Pregnancy intendedness and the use of periconceptional folic acid

Kenneth D. Rosenberg, Jill Gelow, Alfredo P. Sandoval

    Research output: Contribution to journalArticle

    57 Citations (Scopus)

    Abstract

    Objective. Periconceptional use of folic acid can prevent birth defects, including at least 50% of neural tube defects. This study used an ongoing surveillance system to explore the association between pregnancy intendedness and women taking periconceptional folic acid. Methods. Oregon Pregnancy Risk Assessment Monitoring System (PRAMS) surveys a stratified random sample of women after a live birth. In 1998-1999, 1867 women completed the survey (64.0% response rate); responses were weighted for nonresponse. Women were asked whether they took folic acid most days in the month before becoming pregnant. Results. Overall, 33.2% of women took folic acid most days in the month before becoming pregnant, and 39.9% said that their pregnancy was unintended. Adolescent mothers were less likely to take periconceptional folic acid (9.2%) and more likely to report unintended pregnancy (62.0%) than older women. Overall, women who said that their pregnancy was intended were more likely to report that they had taken periconceptional folic acid (odds ratio: 4.75; 95% confidence interval: 3.16-7.14); after controlling for maternal age and income the odds ratio was 3.70 (95% confidence interval: 2.38-5.56). Conclusions. Women whose pregnancies were intended were more likely to have been taking periconceptional folic acid than women whose pregnancies were unintended. The importance of fertile women's taking daily multivitamins that contain 400 μg (0.4 mg) of folic acid should be stressed among women who are not contemplating pregnancy, especially adolescents and low-income women.

    Original languageEnglish (US)
    Pages (from-to)1142-1145
    Number of pages4
    JournalPediatrics
    Volume111
    Issue number5 II
    StatePublished - May 1 2003

    Fingerprint

    Folic Acid
    Pregnancy
    Odds Ratio
    Confidence Intervals
    Pregnancy in Adolescence
    Neural Tube Defects
    Maternal Age
    Live Birth
    Mothers

    Keywords

    • Birth defect
    • Folic acid
    • Pregnancy

    ASJC Scopus subject areas

    • Pediatrics, Perinatology, and Child Health

    Cite this

    Rosenberg, K. D., Gelow, J., & Sandoval, A. P. (2003). Pregnancy intendedness and the use of periconceptional folic acid. Pediatrics, 111(5 II), 1142-1145.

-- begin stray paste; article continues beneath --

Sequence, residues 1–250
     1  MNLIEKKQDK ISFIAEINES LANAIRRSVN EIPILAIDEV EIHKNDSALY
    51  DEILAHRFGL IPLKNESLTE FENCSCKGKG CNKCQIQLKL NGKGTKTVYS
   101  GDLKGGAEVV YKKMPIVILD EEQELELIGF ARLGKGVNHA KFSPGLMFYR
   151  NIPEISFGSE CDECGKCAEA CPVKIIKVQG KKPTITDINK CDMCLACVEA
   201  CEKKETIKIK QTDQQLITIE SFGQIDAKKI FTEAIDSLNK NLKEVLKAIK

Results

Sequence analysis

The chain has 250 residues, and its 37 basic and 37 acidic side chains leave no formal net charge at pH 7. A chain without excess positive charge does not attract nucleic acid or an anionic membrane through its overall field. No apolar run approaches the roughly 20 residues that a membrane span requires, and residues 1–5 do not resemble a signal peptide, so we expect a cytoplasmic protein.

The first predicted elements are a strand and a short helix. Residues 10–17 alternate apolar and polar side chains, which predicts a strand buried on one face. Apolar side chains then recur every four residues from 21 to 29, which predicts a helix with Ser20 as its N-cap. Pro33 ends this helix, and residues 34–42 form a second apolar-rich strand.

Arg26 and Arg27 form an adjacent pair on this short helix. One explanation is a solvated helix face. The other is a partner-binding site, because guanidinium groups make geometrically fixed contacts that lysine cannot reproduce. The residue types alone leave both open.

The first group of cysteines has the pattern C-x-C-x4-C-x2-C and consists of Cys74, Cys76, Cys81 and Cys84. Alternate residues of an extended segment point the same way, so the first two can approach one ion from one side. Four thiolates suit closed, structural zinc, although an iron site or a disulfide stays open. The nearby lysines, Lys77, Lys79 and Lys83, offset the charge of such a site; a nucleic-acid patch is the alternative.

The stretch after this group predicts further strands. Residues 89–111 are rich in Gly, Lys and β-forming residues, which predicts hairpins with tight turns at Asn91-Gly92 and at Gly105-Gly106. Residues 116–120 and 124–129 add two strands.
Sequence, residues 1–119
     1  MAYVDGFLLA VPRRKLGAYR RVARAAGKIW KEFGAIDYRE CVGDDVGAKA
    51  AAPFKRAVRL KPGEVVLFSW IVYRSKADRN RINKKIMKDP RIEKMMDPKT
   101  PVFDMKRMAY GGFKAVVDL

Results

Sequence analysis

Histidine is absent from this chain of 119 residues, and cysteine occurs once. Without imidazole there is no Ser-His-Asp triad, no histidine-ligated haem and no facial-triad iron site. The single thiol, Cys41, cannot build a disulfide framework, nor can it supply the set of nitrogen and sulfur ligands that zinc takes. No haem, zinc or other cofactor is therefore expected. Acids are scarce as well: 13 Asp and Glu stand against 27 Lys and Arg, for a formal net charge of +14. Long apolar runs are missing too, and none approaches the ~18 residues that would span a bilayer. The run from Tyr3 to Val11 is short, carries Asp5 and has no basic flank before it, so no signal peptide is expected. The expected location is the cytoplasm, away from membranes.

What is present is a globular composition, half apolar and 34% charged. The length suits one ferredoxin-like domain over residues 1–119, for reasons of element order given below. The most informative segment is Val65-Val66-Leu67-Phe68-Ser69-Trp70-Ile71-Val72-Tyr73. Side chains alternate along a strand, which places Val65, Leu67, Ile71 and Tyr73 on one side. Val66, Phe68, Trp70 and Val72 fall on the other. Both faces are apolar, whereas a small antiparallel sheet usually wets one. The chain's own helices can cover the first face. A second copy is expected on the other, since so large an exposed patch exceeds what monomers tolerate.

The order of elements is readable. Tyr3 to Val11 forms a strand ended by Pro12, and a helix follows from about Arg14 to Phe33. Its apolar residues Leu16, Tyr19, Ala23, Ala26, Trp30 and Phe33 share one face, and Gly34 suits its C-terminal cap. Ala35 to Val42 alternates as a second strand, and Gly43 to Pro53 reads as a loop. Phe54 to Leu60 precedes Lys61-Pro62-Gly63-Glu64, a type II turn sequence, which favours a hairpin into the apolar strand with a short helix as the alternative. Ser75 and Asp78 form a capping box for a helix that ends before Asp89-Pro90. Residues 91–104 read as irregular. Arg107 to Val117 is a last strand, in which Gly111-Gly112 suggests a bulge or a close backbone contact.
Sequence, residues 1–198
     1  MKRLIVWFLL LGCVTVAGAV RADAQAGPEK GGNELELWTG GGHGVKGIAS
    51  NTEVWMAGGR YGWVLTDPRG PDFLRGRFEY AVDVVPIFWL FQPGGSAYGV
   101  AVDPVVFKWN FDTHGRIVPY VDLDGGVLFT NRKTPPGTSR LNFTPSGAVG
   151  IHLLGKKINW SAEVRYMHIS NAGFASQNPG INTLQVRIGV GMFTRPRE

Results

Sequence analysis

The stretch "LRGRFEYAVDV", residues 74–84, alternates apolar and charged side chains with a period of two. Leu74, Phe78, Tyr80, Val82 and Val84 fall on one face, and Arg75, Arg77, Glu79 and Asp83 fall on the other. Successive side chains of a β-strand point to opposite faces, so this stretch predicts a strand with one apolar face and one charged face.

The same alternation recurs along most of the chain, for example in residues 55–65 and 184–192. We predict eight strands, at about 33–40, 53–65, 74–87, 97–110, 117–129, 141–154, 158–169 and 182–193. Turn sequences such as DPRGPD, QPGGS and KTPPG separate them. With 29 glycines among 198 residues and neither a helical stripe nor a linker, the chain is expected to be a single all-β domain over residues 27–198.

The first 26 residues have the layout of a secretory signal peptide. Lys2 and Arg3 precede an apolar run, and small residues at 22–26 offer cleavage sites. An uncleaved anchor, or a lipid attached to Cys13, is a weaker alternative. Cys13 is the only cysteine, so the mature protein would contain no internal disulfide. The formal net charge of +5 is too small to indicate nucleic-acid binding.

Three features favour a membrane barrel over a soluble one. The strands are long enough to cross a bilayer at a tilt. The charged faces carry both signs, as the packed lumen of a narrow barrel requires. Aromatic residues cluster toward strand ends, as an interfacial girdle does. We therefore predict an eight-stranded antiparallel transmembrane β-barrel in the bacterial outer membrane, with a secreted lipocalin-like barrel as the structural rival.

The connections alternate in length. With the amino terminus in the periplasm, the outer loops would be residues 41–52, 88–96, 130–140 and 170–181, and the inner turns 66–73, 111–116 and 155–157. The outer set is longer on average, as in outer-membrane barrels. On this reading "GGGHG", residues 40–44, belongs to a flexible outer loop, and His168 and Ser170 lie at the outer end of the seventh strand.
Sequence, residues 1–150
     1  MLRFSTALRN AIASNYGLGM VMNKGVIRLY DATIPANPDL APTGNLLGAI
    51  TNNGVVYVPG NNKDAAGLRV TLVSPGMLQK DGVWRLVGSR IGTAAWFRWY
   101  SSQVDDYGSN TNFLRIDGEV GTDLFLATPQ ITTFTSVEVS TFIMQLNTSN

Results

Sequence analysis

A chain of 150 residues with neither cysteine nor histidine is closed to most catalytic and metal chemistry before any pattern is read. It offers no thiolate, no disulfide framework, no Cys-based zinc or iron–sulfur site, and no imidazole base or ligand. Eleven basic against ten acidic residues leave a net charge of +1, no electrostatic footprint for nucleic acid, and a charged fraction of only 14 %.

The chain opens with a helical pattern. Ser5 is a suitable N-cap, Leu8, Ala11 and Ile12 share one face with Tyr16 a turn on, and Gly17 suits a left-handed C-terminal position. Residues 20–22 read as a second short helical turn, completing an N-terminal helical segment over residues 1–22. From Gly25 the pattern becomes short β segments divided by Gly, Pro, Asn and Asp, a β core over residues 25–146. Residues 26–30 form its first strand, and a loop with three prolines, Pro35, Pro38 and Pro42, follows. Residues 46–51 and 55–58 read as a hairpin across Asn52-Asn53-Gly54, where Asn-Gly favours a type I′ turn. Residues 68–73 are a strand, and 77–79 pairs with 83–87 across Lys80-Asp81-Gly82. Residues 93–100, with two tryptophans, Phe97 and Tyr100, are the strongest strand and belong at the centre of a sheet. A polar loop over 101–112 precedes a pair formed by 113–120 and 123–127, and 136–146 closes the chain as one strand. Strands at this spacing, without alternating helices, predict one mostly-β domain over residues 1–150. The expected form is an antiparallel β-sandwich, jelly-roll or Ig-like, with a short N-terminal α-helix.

Pregnancy intendedness and the use of periconceptional folic acid. / Rosenberg, Kenneth D.; Gelow, Jill; Sandoval, Alfredo P.

    In: Pediatrics, Vol. 111, No. 5 II, 01.05.2003, p. 1142-1145.

    Research output: Contribution to journalArticle

    Rosenberg, KD, Gelow, J & Sandoval, AP 2003, 'Pregnancy intendedness and the use of periconceptional folic acid', Pediatrics, vol. 111, no. 5 II, pp. 1142-1145.
    Rosenberg KD, Gelow J, Sandoval AP. Pregnancy intendedness and the use of periconceptional folic acid. Pediatrics. 2003 May 1;111(5 II):1142-1145.
    Rosenberg, Kenneth D. ; Gelow, Jill ; Sandoval, Alfredo P. / Pregnancy intendedness and the use of periconceptional folic acid. In: Pediatrics. 2003 ; Vol. 111, No. 5 II. pp. 1142-1145.
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    abstract = "Objective. Periconceptional use of folic acid can prevent birth defects, including at least 50{\%} of neural tube defects. This study used an ongoing surveillance system to explore the association between pregnancy intendedness and women taking periconceptional folic acid. Methods. Oregon Pregnancy Risk Assessment Monitoring System (PRAMS) surveys a stratified random sample of women after a live birth. In 1998-1999, 1867 women completed the survey (64.0{\%} response rate); responses were weighted for nonresponse. Women were asked whether they took folic acid most days in the month before becoming pregnant. Results. Overall, 33.2{\%} of women took folic acid most days in the month before becoming pregnant, and 39.9{\%} said that their pregnancy was unintended. Adolescent mothers were less likely to take periconceptional folic acid (9.2{\%}) and more likely to report unintended pregnancy (62.0{\%}) than older women. Overall, women who said that their pregnancy was intended were more likely to report that they had taken periconceptional folic acid (odds ratio: 4.75; 95{\%} confidence interval: 3.16-7.14); after controlling for maternal age and income the odds ratio was 3.70 (95{\%} confidence interval: 2.38-5.56). Conclusions. Women whose pregnancies were intended were more likely to have been taking periconceptional folic acid than women whose pregnancies were unintended. The importance of fertile women's taking daily multivitamins that contain 400 μg (0.4 mg) of folic acid should be stressed among women who are not contemplating pregnancy, especially adolescents and low-income women.",
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